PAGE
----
That said, there are undoubtedly some cool experiences available at launch. The musical shooter “Rez Infinite” is great, fellow rhythm game “Thumper” is a blast and I’m a believer in the sporty mech game “Rigs: Mechanized Combat.” But there’s some padding here as well in the form of ports (“Eve: Valkyrie,” “Eve: Gunjack,” “Fated: The Silent Oath,” “Job Simulator,” “Keep Talking and Nobody Explodes”). Most games feel like tech demos, an issue common to the launch of any new video game platform. It’s going to take some time before the software catches up to your vision of VR.
I have tried not to spend too much time comparing PSVR to the Rift and Vive, in part because of the pricing and audience disparity. But in terms of sheer visual fidelity, the PSVR lags behind.
Its 1920 x 1080 screen resolution is not as sharp as the 2160 X 1200 resolution you get out of both the Rift and Vive. It’s not terrible — some games overcome this with smart design and programming — but blurriness happens. This also leads to a screen-door effect, where it essentially looks like there’s a very fine grid of lines between your eye and the game image. The intensity of this varies from game to game. In “Batman,” it’s hardly noticeable. In “Driveclub VR,” it’s kind of a mess.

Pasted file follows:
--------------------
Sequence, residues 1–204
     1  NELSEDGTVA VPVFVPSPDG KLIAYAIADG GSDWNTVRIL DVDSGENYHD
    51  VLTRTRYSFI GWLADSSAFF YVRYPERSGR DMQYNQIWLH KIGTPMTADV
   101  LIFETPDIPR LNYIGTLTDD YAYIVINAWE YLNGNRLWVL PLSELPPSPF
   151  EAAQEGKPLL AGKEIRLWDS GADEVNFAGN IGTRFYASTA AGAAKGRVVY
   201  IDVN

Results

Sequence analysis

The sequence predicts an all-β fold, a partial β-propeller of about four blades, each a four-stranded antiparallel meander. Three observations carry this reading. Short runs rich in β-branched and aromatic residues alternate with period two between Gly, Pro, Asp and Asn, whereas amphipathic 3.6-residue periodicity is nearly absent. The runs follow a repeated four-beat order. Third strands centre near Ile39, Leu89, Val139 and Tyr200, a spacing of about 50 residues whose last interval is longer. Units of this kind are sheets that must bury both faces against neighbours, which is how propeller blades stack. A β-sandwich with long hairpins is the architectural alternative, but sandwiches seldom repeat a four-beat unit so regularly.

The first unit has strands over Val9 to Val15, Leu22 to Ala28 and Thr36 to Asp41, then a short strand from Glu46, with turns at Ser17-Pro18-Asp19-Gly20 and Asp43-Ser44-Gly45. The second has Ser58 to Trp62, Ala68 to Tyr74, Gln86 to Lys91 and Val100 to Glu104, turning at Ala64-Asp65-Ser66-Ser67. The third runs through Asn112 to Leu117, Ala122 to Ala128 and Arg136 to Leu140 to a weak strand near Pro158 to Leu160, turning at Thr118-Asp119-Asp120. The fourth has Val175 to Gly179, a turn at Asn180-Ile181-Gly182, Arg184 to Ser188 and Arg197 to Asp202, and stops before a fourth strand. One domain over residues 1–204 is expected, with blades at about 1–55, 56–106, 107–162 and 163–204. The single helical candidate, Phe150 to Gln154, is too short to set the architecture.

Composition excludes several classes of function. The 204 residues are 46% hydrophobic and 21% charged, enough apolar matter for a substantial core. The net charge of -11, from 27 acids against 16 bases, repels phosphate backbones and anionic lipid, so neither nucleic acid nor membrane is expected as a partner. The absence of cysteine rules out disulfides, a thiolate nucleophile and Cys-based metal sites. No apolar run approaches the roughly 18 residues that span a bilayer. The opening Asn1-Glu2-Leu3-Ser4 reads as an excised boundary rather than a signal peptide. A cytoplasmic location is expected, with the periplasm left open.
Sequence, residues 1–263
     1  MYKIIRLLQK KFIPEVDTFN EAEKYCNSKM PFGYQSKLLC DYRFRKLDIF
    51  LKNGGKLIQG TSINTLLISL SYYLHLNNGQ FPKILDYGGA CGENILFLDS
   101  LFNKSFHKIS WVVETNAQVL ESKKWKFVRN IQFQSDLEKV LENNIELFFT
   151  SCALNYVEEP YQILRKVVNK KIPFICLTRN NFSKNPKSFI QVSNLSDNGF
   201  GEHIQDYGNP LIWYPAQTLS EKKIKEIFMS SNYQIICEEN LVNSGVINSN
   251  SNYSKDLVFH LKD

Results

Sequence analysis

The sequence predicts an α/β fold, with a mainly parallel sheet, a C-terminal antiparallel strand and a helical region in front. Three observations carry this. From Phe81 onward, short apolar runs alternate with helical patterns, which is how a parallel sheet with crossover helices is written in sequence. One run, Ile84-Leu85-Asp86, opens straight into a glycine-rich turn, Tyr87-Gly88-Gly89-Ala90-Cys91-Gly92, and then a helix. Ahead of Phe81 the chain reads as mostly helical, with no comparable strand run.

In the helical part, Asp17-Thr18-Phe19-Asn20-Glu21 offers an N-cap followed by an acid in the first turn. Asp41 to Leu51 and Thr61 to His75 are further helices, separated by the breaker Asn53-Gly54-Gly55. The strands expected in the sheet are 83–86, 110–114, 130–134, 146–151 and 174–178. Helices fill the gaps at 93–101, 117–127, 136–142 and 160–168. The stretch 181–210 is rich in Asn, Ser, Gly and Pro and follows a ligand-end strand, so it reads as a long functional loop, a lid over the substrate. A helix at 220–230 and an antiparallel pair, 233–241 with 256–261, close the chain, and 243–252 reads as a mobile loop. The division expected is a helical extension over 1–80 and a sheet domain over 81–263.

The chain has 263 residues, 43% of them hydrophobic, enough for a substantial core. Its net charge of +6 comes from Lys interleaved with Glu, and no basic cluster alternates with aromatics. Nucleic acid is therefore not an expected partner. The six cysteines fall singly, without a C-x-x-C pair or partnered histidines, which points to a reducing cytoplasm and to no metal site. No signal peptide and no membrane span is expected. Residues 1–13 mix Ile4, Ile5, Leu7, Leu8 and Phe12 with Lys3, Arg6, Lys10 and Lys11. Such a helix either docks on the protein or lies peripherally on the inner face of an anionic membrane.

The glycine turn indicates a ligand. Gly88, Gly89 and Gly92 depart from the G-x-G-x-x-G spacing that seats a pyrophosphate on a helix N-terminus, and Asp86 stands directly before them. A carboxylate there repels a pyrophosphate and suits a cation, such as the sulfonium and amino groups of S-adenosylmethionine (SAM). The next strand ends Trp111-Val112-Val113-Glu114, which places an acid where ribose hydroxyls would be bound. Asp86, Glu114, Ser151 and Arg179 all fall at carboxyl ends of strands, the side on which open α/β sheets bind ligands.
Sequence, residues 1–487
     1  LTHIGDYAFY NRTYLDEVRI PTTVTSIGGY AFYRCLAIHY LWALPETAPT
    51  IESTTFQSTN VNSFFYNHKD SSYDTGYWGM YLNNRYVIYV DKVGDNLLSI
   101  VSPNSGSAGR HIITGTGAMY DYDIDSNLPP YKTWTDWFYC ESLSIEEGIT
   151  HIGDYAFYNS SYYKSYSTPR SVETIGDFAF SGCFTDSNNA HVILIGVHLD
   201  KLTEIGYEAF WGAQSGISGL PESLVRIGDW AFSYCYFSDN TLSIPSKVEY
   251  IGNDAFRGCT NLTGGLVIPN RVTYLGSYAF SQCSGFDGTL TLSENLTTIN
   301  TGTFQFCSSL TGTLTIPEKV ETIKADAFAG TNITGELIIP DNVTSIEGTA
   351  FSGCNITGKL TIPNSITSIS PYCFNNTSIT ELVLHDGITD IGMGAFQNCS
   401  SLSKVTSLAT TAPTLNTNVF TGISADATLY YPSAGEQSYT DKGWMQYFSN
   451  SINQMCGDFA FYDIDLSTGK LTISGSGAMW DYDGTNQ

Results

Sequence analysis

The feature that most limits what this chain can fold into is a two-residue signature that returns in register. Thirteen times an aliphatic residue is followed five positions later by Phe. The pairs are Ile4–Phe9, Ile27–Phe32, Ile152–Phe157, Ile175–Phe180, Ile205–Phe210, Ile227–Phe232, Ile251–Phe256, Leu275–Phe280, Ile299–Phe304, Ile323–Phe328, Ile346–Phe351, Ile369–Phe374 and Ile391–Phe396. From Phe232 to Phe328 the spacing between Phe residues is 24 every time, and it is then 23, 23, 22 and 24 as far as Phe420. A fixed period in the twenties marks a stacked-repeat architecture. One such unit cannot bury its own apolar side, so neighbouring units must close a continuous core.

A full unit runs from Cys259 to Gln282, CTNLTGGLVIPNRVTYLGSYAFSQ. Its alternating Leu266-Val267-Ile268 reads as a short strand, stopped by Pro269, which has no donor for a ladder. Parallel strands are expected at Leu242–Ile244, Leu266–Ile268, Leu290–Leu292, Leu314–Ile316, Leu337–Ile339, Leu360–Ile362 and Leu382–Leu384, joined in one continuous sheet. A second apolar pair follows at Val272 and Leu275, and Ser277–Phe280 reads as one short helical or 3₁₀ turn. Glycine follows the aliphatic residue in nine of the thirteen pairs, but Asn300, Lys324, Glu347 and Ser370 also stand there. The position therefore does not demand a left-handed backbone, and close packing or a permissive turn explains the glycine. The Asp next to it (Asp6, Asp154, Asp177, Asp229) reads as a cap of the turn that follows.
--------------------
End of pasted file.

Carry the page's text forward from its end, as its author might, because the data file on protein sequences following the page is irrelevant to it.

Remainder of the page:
Still, most folks won’t really care that the PSVR can’t match the tech specs of its pricier kin because most folks aren’t going to own multiple VR devices. And it’s never quite bad enough to make you stop playing.
Other niggling tech issues are, however. Launched alongside the console in 2013, the PlayStation Camera wasn’t designed specifically for VR, so it’s quite sensitive to light and occasionally has trouble correctly tracking controllers. Turn your back to it and it will lose the Move controllers entirely. In my playtests, every so often the Dualshock and Move controllers would sway back and forth slightly for no reason, an effect that’s off-putting at best and a wee bit barfy at worst. Those Move controllers aren’t exactly fresh, either, dating back to 2010. Releasing a brand new peripheral tied to much older tech is never an ideal plan, and that rears its head every so often.
Reasonably priced, exceedingly comfortable and boasting a couple of genuinely cool VR games, PSVR accomplishes what Sony set out to do: bring VR gaming to consoles without breaking the bank or the bridge of your nose. Those with a PS4 and an interest in this technology could do much worse than invest in the new peripheral.
But like any technology, it’s probably best to wait it out. This feels very much like a first go. For all its style, the PSVR’s ugly morass of cables, random tech hiccups and lack of well-priced killer apps keep it from being a day-one purchase.
Still, we have been told (and have been telling people) for years that VR is the wave of the future, and I still firmly believe that. A great VR experience is transformative, and that holds true for PSVR. “Batman,” “Rez” and a handful of other games will do their job convincing the unconvinced that VR can open doors traditional games cannot. Just don’t feel compelled to step through quite yet.
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Ben Silverman is on Twitter at ben_silverman.